I'm taking this back on list, since I think the principles are relevant to
--On 10 August 2006 17:07:48 -0700 Jeff Schnitzer <jeff(a)infohazard.org>
> Ah, you want to reject /senders/ at SMTP time, not recipients. Ignore my
> last message.
> There's no reason why SubEtha can't bounce mail from unknown senders. It
> would not be difficult to do*, and may show up in a future release.
> However, it's not the universally appropriate solution.
Yes, I know. I filed a bug report, and was told it was a feature not a
problem. That's when I stopped considering using the s/w. This was a couple
of months ago. If the situation changes, then it would be worth considering
> I see three
> different solutions to this problem (mail from unknown recipients):
> 1) Reject it at SMTP time. Legitimate senders are notified that their
> mail was not delivered but there is no opportunity to auto-moderate the
> message or any opportunity for list administrator to moderate the
> message. Great for spam rejection though.
> 2) Hold the message and send the envelope sender instructions to
> auto-moderate. Very friendly to legitimate users but bad for the
> recipients of joe-jab attacks. However, using SPF makes this a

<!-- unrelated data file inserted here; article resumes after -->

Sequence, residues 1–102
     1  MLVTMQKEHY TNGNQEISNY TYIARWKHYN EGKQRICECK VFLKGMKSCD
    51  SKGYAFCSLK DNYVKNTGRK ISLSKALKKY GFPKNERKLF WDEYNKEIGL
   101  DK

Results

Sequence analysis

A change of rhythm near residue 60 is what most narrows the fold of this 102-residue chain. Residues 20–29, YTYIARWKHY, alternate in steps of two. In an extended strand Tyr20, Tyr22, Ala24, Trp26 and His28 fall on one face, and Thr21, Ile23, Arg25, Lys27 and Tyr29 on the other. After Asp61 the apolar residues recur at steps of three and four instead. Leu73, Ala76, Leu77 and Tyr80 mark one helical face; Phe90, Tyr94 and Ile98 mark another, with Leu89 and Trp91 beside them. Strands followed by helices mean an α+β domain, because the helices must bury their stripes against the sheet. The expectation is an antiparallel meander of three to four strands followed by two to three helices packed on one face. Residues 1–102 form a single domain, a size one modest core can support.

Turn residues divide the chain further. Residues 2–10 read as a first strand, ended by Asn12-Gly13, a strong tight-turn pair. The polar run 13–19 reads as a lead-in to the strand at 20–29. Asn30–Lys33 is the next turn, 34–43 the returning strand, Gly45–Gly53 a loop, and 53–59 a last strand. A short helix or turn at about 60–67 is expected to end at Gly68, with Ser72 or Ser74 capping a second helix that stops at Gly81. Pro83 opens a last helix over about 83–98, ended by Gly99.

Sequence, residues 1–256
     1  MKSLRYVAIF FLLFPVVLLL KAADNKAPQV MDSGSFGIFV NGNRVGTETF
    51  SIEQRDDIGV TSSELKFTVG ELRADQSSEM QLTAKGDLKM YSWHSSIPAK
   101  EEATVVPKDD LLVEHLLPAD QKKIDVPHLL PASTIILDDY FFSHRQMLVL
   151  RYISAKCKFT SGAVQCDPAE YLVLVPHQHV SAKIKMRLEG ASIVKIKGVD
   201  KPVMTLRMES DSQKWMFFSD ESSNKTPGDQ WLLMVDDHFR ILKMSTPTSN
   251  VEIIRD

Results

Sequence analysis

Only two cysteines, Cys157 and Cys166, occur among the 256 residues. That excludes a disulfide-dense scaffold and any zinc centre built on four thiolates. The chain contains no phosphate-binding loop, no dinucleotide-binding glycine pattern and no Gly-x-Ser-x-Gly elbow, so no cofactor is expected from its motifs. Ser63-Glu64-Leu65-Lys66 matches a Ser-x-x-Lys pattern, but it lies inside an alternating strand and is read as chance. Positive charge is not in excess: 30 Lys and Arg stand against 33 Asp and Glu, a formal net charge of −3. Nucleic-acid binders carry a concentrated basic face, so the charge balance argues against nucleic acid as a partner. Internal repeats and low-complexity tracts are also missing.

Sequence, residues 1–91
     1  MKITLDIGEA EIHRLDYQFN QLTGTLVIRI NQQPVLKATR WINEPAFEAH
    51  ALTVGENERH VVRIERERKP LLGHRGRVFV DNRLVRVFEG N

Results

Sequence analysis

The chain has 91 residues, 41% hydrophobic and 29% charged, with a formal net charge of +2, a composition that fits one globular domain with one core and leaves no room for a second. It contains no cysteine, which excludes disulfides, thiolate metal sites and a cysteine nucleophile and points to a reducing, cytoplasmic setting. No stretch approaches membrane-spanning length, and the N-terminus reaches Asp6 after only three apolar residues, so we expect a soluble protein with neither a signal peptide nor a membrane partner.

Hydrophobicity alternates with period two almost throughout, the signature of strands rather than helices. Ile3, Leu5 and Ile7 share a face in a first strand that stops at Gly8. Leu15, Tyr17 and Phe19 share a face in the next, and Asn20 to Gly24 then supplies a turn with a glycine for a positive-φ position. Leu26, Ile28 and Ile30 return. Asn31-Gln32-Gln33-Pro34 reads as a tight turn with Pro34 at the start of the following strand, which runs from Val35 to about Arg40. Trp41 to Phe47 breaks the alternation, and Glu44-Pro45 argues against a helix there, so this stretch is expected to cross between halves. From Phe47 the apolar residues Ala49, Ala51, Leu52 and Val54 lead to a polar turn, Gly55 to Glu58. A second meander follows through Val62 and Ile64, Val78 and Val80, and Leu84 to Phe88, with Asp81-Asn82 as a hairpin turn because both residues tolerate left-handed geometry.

I'm not anti-spf in principle - unlike Brad. However, it's not widely
deployed so it can't be relied on in this case.
> Using this on a relatively isolated network or behind heavy
> spam control makes this a non-issue.
Well, there wouldn't be much point putting an MLM server on an isolated
network. Not for us, where inter-institutional collaboration is very
> 3) Hold the message silently, sending no instructions for
> auto-moderation. This is not so friendly for legitimately confused users
> whose messages go into a vacuum, but the ideal circumstance for
> announce-only lists which *always* moderate all messages. Of course,
> this is just fine for spam control.
Yes, that sucks, but that's where we're left with Mailman. In fact, it's
one of the main reasons I'm looking for a MLM that does (1). I can't think
of any case in which (3) is better than (1).
> There are perfectly legitimate reasons to use any of these 3 approaches.
> We started off with #2, and will probably eventually accommodate all
> three. I'm sorry if it's not on a schedule that makes you happy, but we
> certainly do accept patches.
> * This depends on what sort of MTA you are using. If SubEtha is directly
> receiving public input, it's trivial. If inbound mail is being relayed
> through another MTA, it gets a lot more complicated. The problem is not
> a design issue in SubEtha, it's the antiquated design of all commonly
> used MTAs. Anyone who wants to integrate *anything* with
> Postfix/Exim/Sendmail/Qmail and friends will be frustrated - they just
> don't provide easy hooks into the SMTP exchange.
No, it's very easy common to do call forwards with Exim. That would tell me
when the list won't accept the sender. So, if Brad's right about Postfix
and Sendmail, that just leaves Qmail and friends. Never mind.
IT Services, University of Sussex